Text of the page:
Historically, providing access to raw imagery and its derivatives was challenging, especially to non-image scientists. The pattern typically involved downloading heavy datasets locally, or blindly writing algorithms to be run remotely. But now, RDA provides users with deferred graphs that can dynamically generate any imagery derivatives necessary.

On the server side, where the imagery lives, we have a collection of operators (e.g., orthorectification, atmospheric compensation, pansharpening) plus a graph engine to link operators, which then transform data into a clean set of imagery chips. Check out our RDA conceptual workflow below:

RDA conceptual workflow

With a standard like COG for fast random access storage, we can stream these chips of imagery to clients for analysis and visualization. To create a facile interface for exploration and analysis, we’ve built GBDX Notebooks on top of RDA.

One key challenge of creating a productive and enjoyable experience analyzing satellite imagery is the time it takes to move imagery and run analytical compute against it. These challenges are often compounded by the need for specialist and proprietary software to perform analysis. RDA allows us to move imagery quickly, and GBDX Notebooks allows us to compute against it with equal velocity.

Enabling greater accessibility, GBDX Notebooks is built on top of Jupyter, bringing satellite imagery to an environment where users are already engaged and working. We’ve also developed simple data access patterns that enable users to focus on creativity and analysis, instead of data structuring and cleaning.

GBDX Notebooks features simple imagery discovery interface and capability to stream selected imagery to the notebook as a ndarray.

ndarray

Now we can immediately start writing analytical code against the imagery and have results rendered directly in the notebook. And by sending the algorithms to the data, we accelerate the analytics process. When executing cells in GBDX Notebooks against imagery, the code is pushed to AWS (where the data resides) for processing. Then, results are delivered back into the notebook.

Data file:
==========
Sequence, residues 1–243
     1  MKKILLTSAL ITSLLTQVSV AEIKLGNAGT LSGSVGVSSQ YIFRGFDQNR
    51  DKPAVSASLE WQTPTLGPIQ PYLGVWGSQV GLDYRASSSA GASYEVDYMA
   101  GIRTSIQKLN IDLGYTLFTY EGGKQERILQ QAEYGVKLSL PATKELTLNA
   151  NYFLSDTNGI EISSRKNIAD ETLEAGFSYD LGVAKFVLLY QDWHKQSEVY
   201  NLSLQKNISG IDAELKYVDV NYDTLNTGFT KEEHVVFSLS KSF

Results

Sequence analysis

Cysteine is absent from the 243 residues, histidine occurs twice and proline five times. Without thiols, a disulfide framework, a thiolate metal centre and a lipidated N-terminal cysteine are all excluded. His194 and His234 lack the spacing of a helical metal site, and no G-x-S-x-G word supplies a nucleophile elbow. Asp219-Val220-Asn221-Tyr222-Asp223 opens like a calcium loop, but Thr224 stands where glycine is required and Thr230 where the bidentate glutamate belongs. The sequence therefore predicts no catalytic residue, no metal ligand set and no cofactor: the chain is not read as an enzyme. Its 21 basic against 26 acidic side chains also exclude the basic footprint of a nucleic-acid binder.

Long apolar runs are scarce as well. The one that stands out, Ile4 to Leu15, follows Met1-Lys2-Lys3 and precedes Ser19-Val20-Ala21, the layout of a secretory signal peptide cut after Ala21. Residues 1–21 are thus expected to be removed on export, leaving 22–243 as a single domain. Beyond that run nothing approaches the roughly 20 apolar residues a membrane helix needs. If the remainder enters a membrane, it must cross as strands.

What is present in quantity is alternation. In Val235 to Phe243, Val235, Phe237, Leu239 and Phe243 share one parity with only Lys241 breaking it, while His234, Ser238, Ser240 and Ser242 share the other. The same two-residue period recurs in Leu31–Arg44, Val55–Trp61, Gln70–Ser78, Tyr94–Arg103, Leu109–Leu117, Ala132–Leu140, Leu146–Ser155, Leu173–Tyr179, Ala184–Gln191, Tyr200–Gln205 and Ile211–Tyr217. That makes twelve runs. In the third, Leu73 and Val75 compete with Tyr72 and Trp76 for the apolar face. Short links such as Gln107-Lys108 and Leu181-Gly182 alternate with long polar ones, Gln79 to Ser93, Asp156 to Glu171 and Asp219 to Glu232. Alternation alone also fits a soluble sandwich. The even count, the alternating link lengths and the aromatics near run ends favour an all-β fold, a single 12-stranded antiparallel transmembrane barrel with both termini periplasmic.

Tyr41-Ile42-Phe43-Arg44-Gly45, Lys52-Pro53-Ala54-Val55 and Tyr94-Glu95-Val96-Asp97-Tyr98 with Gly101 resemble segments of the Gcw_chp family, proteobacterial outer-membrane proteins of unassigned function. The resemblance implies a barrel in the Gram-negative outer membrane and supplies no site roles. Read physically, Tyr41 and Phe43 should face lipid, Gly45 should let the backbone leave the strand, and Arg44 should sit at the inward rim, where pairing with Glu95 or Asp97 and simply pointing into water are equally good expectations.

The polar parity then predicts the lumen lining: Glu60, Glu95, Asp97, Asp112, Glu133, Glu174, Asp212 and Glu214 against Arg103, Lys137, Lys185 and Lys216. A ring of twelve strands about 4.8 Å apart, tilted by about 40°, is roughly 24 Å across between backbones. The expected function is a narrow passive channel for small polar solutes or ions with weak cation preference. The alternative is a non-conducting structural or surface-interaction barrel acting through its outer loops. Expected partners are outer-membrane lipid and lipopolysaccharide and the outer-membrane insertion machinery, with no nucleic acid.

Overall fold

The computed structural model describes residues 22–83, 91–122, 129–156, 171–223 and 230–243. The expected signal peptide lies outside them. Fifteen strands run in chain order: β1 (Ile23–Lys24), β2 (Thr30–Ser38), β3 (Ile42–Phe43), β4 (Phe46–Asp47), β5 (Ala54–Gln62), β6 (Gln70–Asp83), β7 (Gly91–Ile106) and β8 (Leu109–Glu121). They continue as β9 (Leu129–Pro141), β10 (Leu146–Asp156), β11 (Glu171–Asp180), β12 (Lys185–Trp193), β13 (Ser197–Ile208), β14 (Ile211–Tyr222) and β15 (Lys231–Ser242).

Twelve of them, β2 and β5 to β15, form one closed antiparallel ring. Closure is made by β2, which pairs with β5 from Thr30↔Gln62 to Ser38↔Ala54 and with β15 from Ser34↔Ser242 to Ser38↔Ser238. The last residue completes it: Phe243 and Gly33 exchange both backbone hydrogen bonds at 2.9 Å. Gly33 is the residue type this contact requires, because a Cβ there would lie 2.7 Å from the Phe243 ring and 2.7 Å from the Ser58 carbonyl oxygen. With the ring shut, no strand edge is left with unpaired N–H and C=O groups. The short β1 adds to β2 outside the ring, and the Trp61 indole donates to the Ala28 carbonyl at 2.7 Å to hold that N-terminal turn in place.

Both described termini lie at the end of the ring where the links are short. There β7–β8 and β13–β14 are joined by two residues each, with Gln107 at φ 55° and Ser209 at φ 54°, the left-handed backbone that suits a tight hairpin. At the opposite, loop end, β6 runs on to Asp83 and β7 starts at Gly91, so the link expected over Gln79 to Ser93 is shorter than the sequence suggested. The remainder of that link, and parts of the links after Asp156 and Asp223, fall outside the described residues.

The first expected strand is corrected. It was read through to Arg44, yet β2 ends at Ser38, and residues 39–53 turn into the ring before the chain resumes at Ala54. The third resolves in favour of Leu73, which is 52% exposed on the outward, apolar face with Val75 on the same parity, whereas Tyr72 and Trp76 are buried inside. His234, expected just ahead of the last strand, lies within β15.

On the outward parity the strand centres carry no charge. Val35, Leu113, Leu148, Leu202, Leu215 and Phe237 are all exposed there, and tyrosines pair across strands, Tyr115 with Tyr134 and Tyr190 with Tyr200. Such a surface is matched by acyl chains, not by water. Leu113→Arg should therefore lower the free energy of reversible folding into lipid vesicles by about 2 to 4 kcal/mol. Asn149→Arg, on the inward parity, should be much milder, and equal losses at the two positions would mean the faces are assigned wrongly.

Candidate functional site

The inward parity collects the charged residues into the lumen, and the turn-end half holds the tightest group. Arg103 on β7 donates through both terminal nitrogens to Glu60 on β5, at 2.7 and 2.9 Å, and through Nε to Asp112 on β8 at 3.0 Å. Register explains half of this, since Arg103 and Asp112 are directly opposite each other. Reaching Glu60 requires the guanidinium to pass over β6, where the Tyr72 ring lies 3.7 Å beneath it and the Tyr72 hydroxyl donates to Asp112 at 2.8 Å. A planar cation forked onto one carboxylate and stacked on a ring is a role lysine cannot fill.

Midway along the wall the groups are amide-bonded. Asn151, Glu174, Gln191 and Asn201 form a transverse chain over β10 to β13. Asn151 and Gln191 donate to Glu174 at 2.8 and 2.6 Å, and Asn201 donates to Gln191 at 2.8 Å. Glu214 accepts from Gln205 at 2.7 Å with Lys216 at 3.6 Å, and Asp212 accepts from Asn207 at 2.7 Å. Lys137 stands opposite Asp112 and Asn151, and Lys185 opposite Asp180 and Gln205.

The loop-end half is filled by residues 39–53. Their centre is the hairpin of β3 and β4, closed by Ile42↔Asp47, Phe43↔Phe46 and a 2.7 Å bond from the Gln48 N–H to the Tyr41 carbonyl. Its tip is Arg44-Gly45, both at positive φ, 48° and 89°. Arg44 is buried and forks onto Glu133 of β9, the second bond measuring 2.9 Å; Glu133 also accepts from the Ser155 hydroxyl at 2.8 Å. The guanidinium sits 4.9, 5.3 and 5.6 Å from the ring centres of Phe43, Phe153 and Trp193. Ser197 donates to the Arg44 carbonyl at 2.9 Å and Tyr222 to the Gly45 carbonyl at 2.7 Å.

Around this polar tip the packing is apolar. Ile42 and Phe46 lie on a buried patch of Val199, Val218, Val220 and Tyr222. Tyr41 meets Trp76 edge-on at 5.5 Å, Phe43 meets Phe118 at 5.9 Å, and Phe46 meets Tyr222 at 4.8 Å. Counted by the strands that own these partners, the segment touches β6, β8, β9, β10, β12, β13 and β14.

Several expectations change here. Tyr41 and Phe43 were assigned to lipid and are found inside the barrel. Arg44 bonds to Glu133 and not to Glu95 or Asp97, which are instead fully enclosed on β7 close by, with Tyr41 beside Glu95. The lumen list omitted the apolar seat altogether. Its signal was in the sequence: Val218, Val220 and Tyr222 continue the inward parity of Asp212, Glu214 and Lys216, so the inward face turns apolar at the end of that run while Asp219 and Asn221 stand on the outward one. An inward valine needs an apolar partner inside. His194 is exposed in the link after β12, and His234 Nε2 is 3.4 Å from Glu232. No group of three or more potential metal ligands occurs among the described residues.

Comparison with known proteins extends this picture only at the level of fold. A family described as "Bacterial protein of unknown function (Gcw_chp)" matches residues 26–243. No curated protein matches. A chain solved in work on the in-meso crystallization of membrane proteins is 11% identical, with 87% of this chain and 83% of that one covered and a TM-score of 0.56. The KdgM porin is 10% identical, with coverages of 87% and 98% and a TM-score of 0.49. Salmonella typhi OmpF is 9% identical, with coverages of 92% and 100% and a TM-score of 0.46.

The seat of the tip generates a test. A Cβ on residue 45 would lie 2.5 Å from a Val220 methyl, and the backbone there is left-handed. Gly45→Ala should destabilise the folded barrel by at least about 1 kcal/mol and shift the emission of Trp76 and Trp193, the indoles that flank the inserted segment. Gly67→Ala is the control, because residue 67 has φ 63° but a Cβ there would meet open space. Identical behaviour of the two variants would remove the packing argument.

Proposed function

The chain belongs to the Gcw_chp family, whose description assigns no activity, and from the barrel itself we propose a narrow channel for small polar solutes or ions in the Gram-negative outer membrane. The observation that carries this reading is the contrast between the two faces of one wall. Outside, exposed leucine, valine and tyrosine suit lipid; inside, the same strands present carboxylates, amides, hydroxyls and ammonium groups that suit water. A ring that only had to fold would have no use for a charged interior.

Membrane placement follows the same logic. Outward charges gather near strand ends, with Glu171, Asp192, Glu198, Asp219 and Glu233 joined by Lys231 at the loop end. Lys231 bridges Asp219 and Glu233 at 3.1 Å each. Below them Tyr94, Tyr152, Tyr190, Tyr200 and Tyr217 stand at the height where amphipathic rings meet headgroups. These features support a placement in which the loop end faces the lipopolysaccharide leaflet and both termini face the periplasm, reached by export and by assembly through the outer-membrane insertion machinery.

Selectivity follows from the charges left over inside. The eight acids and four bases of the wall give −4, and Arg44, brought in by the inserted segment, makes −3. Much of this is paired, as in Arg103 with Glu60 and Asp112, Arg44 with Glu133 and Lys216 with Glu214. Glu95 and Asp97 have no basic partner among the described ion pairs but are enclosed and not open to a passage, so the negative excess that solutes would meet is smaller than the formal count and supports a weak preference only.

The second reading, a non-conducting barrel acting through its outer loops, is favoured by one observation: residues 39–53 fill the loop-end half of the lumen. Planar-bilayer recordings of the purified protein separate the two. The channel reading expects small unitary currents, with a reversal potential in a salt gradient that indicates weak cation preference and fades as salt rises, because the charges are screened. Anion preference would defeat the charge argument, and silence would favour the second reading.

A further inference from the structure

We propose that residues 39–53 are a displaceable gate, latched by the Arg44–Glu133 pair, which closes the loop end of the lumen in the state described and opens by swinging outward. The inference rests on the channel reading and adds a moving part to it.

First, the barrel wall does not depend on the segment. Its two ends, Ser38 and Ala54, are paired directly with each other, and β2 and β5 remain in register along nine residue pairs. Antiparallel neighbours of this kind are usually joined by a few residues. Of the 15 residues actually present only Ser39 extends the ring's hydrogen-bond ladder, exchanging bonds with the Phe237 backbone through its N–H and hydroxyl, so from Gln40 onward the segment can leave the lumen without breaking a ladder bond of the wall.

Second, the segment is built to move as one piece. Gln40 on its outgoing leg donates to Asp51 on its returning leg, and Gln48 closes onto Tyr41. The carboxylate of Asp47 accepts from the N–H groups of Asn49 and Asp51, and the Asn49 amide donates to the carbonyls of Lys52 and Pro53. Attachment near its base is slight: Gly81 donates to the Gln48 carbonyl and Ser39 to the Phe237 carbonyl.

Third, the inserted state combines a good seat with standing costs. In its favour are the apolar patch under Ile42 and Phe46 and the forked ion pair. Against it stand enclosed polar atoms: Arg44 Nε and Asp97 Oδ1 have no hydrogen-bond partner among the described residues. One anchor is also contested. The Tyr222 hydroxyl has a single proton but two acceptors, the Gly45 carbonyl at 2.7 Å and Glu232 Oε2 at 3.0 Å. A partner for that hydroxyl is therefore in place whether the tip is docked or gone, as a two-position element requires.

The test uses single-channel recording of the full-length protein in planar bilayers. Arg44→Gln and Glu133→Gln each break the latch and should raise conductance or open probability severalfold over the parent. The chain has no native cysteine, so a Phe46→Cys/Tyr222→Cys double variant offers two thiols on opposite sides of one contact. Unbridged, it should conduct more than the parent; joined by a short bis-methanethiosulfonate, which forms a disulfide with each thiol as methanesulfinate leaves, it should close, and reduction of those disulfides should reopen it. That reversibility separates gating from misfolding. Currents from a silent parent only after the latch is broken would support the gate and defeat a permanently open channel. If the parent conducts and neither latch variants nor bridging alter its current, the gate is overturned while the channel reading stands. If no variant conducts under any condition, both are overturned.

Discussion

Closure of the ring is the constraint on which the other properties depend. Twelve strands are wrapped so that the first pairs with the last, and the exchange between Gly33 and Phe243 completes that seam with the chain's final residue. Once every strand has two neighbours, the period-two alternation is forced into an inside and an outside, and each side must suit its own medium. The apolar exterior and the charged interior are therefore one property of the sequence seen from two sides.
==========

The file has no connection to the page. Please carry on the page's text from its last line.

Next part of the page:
For seamless integration, we implemented Dask to enable parallel processing within the notebook. For instance, we might want to perform a spatial autocorrelation to detect tents in the image above, quickly testing different thresholds on residuals, and then interact with results to tune the model:

task

Once we are satisfied with a model, we can dockerize the notebook and task GBDX to run it at scale across large swaths of geography. The results of the analysis are then returned to the notebook for visualization and further analysis or iteration.

notebook results

We are super excited about the potential of Cloud Native Geospatial. The concepts behind COG are truly opening the door to an exciting new chapter for the geospatial industry. To get the ball rolling, we’ve converted our IKONOS collection of imagery to COG; as well as NOAA’s night lights data (a.k.a. Visible Infrared Imaging Radiometer Suite). The VIIRS night lights data will be made available as COG-based mosaics. We’ll also provide access to the raw data including GeoJSON of the metadata for cloud-based analytics. We’ll be enabling creative ways to interact with the data for customers and the community in the near future. We look forward to continuing our work to embrace the COG standard, and push the boundaries of what is possible with satellite imagery and geospatial data.